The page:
At a recent meeting, the director of training operations at a global biopharmaceutical company was asked a fairly simple and straightforward question: "What keeps you awake at night?"
After thinking about it for a moment, she said, "Well, my group is developing more than 50 new courses this year, and I'm not too worried about those. My problem is that we now have more than 400 courses in our LMS and, because of application upgrades, organizational changes, and general changes with our learning and development environment, about 50 percent of the courses needed to be updated this year. With my staff fully utilized with the new development efforts, I honestly don't know how I'm going to maintain all of those lessons."
The recent proliferation of e-learning development in the workplace has added an extra layer of complexity to course maintenance. There are now many more courses packaged into shorter, more highly focused segments to accommodate learners who want to pick and choose only the training topics that they really need. To make matters worse, today's blended learning solutions require numerous delivery methods, and some of those components, such as performance support systems, information repositories, online user guides, and others, are not even under our control.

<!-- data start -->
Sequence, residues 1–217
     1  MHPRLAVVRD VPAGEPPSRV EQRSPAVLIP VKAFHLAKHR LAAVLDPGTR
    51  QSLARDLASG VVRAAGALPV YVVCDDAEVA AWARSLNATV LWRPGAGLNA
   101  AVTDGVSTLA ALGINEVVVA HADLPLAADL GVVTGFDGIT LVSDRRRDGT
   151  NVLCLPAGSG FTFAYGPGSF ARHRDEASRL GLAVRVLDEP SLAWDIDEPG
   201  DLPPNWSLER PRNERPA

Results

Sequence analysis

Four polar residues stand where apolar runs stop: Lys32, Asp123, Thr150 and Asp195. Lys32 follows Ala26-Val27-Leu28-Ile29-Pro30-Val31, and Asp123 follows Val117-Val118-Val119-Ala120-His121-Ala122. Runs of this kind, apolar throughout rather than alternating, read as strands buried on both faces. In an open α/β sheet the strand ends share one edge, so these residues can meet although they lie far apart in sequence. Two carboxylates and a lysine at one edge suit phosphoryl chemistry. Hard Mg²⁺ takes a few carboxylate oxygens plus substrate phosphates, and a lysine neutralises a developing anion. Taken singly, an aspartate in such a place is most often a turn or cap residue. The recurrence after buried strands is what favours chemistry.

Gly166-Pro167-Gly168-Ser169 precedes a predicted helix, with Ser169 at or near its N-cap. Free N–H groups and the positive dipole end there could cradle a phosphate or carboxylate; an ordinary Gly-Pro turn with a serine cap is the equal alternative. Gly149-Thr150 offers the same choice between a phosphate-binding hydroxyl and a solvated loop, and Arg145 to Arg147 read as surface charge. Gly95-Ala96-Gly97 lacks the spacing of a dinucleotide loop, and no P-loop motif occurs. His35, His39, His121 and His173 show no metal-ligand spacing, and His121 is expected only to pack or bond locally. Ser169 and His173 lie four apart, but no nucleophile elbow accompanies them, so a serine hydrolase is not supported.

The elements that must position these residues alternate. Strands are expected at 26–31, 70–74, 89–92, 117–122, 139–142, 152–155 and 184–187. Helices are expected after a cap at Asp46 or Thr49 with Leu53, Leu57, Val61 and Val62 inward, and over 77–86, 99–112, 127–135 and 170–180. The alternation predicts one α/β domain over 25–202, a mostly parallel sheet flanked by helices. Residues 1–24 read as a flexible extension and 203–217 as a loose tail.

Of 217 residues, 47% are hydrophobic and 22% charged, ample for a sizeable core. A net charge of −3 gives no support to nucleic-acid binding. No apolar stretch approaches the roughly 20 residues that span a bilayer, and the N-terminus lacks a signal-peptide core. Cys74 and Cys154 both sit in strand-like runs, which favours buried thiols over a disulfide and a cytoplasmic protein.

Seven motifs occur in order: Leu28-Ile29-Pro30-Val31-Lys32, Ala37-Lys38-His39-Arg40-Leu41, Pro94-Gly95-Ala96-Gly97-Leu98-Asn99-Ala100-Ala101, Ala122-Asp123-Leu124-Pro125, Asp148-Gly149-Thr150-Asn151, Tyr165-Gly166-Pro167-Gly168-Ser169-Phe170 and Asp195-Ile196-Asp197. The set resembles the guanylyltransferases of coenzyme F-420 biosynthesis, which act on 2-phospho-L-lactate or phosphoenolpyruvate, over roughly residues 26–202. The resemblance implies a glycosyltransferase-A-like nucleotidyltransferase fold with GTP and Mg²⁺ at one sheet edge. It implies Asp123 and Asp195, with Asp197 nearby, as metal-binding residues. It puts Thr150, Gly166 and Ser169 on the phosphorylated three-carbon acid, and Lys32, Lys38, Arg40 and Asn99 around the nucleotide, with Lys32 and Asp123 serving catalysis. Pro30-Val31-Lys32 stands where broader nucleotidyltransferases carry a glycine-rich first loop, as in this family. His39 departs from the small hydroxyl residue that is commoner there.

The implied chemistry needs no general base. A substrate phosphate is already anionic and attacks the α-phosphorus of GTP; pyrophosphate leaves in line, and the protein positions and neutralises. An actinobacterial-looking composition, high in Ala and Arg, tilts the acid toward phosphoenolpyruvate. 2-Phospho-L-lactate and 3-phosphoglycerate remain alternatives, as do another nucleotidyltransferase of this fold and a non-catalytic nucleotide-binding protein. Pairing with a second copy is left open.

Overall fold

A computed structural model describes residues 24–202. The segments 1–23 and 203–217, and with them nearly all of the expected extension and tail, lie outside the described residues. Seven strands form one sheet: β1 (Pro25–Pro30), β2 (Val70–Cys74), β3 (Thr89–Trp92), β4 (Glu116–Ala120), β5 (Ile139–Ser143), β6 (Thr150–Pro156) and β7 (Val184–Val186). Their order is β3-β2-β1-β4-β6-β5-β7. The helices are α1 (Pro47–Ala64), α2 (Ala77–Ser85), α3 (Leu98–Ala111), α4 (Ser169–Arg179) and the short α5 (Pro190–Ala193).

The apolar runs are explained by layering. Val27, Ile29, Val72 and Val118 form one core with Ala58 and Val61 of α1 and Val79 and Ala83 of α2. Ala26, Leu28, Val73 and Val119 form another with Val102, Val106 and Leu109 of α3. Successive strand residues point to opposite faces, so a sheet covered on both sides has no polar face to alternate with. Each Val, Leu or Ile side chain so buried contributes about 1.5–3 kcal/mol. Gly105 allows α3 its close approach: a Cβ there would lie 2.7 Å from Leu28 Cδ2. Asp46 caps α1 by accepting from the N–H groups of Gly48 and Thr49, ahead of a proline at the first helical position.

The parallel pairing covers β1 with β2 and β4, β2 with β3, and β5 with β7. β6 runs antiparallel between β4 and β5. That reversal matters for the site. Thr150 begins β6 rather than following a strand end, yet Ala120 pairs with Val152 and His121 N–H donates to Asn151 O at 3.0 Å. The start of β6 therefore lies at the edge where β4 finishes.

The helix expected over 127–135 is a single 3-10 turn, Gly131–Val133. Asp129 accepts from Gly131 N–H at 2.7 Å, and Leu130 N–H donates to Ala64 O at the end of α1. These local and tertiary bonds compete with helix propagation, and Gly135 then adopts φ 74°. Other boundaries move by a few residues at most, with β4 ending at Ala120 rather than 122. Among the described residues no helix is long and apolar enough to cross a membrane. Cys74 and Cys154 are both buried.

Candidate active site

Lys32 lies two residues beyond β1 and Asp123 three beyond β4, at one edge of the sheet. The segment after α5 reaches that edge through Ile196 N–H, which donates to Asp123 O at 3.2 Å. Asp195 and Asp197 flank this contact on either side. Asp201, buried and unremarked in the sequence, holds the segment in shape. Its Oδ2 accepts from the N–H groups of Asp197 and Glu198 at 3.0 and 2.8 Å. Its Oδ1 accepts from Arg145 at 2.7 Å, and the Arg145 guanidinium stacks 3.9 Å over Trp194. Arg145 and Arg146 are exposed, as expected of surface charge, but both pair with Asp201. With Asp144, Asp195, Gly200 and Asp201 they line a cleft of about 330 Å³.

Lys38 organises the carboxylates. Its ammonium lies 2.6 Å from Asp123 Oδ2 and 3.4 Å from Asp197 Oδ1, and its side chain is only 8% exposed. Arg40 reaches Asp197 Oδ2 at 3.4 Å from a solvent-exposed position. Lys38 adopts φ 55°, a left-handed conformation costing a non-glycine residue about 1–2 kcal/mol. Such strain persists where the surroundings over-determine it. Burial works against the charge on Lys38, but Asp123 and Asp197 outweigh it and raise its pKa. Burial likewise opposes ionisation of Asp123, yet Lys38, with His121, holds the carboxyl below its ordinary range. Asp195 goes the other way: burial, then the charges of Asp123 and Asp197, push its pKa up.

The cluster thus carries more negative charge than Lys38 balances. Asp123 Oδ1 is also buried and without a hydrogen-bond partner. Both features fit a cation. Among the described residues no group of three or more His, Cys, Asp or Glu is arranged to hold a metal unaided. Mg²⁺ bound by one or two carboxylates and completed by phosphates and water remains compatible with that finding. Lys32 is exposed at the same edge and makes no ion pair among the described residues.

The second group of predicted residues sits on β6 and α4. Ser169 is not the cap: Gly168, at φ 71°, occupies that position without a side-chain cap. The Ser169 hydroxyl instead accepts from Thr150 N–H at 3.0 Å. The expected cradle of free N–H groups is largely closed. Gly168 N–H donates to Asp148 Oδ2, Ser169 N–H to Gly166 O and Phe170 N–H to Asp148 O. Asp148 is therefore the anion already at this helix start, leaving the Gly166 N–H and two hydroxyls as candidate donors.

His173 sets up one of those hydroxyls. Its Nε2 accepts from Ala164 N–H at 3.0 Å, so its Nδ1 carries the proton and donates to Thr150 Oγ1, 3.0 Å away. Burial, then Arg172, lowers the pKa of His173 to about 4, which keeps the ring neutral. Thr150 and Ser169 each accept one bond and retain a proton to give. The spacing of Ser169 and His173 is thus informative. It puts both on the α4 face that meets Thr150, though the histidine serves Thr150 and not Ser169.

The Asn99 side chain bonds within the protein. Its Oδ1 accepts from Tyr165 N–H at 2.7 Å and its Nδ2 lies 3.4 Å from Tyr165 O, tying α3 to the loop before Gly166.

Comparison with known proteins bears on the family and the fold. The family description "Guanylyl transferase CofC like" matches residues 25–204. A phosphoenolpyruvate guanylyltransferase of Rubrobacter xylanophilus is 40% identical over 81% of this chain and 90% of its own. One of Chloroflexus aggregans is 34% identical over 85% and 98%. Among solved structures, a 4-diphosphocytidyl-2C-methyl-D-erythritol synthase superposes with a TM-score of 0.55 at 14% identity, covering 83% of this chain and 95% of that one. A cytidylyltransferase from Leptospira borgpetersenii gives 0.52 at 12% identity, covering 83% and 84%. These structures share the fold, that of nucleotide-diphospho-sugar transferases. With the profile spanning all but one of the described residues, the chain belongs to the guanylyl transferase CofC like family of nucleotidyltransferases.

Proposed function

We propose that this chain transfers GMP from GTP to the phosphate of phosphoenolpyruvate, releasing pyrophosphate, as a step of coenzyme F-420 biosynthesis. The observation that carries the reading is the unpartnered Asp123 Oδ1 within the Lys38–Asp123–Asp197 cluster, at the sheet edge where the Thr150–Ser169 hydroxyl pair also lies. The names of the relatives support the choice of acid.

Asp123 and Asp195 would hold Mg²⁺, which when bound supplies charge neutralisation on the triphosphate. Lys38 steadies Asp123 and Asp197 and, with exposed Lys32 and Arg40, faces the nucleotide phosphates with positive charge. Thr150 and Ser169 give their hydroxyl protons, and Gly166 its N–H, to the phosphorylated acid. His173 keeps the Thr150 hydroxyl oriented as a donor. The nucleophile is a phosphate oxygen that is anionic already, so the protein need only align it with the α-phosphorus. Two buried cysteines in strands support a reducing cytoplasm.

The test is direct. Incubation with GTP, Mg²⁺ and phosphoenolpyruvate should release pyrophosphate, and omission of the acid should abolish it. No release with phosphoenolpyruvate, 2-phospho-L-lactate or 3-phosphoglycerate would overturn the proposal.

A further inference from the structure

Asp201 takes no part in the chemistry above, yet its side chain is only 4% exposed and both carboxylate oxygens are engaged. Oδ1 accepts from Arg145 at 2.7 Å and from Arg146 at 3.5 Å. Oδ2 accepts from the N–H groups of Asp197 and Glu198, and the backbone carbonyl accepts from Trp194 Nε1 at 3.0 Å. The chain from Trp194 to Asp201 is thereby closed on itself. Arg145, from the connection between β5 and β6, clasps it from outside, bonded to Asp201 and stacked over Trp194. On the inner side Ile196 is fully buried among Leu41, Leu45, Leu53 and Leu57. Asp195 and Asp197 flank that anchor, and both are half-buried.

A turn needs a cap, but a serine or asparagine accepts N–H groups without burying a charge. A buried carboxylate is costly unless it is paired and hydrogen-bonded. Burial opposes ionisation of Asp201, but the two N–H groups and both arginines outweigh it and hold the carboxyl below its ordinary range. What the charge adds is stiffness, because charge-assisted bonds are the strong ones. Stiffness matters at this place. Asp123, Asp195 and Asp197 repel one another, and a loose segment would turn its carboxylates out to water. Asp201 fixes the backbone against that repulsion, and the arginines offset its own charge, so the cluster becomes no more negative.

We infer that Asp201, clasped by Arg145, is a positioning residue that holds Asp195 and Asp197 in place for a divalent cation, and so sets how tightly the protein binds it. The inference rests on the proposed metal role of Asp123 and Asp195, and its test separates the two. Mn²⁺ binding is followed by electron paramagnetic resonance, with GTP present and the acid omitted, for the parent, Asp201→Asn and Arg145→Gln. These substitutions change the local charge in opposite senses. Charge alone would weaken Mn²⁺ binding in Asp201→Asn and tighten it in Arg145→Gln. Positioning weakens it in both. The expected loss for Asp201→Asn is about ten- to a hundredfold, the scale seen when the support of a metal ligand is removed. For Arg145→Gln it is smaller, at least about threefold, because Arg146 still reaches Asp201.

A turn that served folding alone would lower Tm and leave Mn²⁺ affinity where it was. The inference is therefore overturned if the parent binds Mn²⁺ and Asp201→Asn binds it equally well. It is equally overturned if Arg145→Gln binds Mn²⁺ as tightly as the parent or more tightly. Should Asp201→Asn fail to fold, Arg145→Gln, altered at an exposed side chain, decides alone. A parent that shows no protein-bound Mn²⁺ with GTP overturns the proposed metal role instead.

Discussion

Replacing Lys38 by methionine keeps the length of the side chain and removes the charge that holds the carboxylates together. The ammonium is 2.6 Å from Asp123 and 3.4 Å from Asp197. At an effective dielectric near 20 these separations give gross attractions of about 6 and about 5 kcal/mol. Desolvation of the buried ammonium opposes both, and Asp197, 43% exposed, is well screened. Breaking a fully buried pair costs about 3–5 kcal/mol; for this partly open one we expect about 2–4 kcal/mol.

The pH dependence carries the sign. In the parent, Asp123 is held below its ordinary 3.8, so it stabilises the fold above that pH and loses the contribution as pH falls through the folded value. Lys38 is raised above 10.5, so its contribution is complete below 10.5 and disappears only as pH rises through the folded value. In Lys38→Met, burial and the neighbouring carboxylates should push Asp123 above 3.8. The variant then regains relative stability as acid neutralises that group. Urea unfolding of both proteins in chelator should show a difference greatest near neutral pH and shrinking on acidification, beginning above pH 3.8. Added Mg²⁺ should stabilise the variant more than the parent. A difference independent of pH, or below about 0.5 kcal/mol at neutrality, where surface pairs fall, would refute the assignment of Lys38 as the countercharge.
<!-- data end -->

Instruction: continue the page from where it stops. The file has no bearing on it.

The truth is that even before blended learning became the norm for training in the workplace, course maintenance was often overlooked or even forgotten as a step in training development methodologies:
- The ADDIE process (analyze, design, develop, implement, and evaluate) ends with evaluation.
- Human performance improvement is a circular process that does not touch on maintenance.
- Walter Dick and Lou Carey's systematic approach only briefly touches on course maintenance, and their approach was designed in the early 1970s.
In other words, you are more or less on your own to determine the steps you need to take to minimize your maintenance effort.
Keep training from becoming obsolete
If the maintenance nightmare hasn't disturbed your sleep yet, consider this recent real-life example:
In the spring of 2009, Mike Costello, training director at Thermo Fisher, introduced a new training module that was deployed to approximately 35,000 employees. The training course contained many references to the executive-level organizational structure and was proudly announced in the company's weekly newsletter. However, in that same newsletter, a new CEO and a new division were announced, making the training obsolete on its first official day.
Keeping this example in mind, let's discuss some steps that can help to reduce your maintenance nightmares.
Create and implement a content indexing system. There are a number of instructional design tips for reducing the maintenance burden, but at the core of your environment, there must be a cross-referencing index that contains a list of all topics that are covered in all courses. With it, you can pinpoint all courses affected by a system or organizational change and effectively plan for the future. Without it, you can use your dartboard and hope that your luck holds up for a while longer.